Posted by: shoji | September 16, 2007

Mind sight

Eyes are an expressive organ that reveals much about a person; we know this intuitively by observing faces. Think about a typical movie scene where a detective interrogates a guilty suspect: what do the eyes do? How about a scene between lovers?

“The eye is a window to the brain.”

Scientists have been studying eye movements for many years. On a simple level, “attention” is measured by where one’s eyes focus. If you look around the room, you’ll notice that your eyes do not smoothly negotiate the scene like a panning camera. Instead, your eyes jump from object of focus to another object. (These are called saccades.)

What can you do with eye tracking?

For example, web designers and advertisers use special eye-tracking cameras to examine how people look at websites. This is used to measure the effectiveness of layout and ads. (The longer you look at an ad, the better; in some cases, ads are completely ignored.) Scientists have also studied gamers and their abilities to locate objects compared to non-gamers.

In the past, eye-tracking hardware was bulky and had the stereotypical look of a “science experiment”. Now, with improved computer-electronic hardware and software, eye-tracking will be going mainstream. Partially, this will be do to advances in image analysis (catch up on my previous thread here).

I can imagine an eye-tracking interface for gamers to aim-and-shoot even faster than their mouse movements permit (taking WiiMote to the eyeMote extreme). Or for conspiracy theorists, Google and Apple team up to use the built-in iSight for getting even more user data on the effectiveness of their ads.

Microsoft is working on putting cameras directly behind the display– for tracking “touch”. Currently, the prototype Microsoft Surface uses infrared camera to track people’s touch (see mocking video from Sarcastic Gamer below).

There is another major advantage of cameras being placed directly behind the display: the videoconferencing experience is much more natural when the participants look into each others eyes– which is not possible with the current placement of webcams.  It’s just a matter of time.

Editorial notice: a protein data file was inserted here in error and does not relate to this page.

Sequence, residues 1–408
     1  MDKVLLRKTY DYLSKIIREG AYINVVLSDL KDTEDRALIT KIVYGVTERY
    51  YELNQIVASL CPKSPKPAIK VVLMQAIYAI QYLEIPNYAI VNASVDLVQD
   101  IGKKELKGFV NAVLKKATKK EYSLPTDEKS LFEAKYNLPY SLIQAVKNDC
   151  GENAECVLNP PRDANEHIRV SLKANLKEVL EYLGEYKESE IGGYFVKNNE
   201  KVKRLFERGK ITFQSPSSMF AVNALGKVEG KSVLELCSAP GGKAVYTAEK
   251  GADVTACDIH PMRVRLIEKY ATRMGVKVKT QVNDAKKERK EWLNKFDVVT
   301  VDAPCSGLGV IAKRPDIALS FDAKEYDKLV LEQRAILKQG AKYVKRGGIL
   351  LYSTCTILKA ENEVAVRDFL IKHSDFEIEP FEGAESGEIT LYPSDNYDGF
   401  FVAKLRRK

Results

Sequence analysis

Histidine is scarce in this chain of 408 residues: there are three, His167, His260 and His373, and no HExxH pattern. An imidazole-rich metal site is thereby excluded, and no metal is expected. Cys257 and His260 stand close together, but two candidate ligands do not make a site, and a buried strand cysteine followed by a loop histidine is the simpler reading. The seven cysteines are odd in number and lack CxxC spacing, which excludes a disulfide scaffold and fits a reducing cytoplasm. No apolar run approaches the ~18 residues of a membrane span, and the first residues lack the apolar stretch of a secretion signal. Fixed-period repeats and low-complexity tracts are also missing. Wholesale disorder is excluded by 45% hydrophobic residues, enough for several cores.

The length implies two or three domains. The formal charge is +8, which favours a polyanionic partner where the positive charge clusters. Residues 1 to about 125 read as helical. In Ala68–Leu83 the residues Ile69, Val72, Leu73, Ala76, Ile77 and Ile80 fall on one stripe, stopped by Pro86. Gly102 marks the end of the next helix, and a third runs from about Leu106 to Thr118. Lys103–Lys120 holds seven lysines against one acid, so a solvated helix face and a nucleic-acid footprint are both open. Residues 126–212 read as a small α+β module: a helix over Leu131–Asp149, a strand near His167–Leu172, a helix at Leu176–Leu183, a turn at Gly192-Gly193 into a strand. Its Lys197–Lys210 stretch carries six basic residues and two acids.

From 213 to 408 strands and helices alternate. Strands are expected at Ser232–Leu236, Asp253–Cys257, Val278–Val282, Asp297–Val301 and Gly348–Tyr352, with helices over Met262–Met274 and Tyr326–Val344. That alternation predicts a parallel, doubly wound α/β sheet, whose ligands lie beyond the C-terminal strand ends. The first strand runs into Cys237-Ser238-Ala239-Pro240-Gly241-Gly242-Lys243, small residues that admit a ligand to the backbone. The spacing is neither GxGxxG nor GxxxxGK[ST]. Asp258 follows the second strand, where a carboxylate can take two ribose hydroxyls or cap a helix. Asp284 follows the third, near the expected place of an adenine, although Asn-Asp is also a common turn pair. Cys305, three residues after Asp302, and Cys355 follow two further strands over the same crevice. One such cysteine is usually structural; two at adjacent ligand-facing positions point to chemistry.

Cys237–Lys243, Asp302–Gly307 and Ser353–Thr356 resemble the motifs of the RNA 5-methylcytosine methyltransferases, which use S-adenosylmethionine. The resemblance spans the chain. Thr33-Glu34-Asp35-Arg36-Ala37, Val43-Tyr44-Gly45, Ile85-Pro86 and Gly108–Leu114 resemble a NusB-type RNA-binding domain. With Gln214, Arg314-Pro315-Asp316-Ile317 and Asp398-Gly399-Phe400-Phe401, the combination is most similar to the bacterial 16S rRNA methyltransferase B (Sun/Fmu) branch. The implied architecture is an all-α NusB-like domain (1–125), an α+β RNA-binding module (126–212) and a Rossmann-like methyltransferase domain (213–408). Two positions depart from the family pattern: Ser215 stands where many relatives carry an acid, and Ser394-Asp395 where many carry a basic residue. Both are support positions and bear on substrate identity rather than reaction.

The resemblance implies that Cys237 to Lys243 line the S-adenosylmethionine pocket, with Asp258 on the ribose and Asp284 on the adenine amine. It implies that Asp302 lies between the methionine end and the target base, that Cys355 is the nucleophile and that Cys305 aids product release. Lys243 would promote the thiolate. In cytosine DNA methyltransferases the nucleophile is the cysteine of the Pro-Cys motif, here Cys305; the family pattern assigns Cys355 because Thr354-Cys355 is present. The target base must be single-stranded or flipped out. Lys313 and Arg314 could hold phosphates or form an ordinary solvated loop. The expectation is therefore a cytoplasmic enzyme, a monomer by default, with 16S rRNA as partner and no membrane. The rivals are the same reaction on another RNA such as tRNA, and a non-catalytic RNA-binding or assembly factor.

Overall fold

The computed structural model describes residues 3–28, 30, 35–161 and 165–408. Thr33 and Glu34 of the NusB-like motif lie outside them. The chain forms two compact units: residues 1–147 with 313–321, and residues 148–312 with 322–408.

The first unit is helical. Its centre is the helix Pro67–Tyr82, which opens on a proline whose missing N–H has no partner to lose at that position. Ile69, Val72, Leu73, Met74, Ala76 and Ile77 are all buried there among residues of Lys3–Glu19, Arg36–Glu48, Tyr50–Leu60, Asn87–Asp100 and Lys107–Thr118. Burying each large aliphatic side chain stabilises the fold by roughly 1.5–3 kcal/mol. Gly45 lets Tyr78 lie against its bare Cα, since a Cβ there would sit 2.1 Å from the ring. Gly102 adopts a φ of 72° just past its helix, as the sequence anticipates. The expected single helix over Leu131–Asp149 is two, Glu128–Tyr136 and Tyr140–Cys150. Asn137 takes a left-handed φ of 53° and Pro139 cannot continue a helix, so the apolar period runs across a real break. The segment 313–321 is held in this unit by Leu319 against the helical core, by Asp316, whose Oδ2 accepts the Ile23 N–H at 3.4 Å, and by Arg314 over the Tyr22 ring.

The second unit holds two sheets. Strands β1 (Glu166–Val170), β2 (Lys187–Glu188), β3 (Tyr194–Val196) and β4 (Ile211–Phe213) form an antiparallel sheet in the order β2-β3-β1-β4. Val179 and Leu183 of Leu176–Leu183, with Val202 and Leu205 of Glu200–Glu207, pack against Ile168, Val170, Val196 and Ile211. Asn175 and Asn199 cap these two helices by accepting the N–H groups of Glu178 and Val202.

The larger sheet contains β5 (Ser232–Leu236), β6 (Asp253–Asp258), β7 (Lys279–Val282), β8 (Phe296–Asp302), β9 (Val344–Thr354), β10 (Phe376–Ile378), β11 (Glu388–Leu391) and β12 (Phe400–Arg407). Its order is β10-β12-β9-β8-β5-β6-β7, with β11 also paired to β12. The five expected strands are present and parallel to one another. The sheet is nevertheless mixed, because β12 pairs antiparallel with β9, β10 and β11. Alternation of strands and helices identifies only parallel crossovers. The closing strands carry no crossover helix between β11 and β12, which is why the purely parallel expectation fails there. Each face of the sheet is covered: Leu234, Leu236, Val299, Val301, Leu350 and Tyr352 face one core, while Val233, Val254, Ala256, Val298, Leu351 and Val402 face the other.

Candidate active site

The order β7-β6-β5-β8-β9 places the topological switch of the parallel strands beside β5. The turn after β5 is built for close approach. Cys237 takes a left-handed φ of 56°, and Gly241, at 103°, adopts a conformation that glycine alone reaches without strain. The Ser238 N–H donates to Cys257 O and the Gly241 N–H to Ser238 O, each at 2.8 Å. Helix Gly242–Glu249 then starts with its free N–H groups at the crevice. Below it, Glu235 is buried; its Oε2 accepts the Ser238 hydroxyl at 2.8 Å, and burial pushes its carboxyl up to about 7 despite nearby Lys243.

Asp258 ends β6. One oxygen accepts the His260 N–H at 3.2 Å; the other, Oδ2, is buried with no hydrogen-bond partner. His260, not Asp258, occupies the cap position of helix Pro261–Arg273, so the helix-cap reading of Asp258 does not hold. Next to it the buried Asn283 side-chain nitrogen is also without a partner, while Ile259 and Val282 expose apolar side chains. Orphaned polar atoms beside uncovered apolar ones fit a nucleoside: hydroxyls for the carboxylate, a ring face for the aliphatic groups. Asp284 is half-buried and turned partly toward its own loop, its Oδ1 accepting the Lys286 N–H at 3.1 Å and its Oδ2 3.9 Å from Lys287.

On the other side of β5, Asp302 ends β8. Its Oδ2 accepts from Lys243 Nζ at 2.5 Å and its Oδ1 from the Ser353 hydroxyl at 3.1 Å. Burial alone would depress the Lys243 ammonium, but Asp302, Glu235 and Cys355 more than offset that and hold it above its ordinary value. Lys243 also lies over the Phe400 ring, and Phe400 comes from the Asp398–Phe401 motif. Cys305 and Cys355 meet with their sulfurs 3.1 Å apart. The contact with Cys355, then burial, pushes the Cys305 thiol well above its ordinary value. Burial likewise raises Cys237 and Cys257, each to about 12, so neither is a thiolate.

SignOnSanDiego.com > News > Science — Mind sight
The first monitor depicts the same Web pages Davis is looking at, with a pair of moving green dots showing where on the screen her eyes are focused. The second monitor displays dials recording pupil dilation and brain activity, the needles rising or falling with Davis’ mental interest; and graphs measuring how much light is entering her eyes, the data dropping briefly to zero when she blinks.

At first glance, the scene does not appear remarkable, but Marshall and others suggest it is a glimpse of the future, one that will be seen – and analyzed – through the eyes.

Marshall, Davis and colleagues are part of a relatively new field of research that uses eye-tracking technologies to change the way we see, understand and relate to the world.

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Responses

  1. […] miester wrote;Microsoft is working on putting cameras directly behind the display– for tracking “touch”. Currently, the prototype Microsoft Surface uses infrared camera to track people’s touch (see mocking video from Sarcastic Gamer below). … […]


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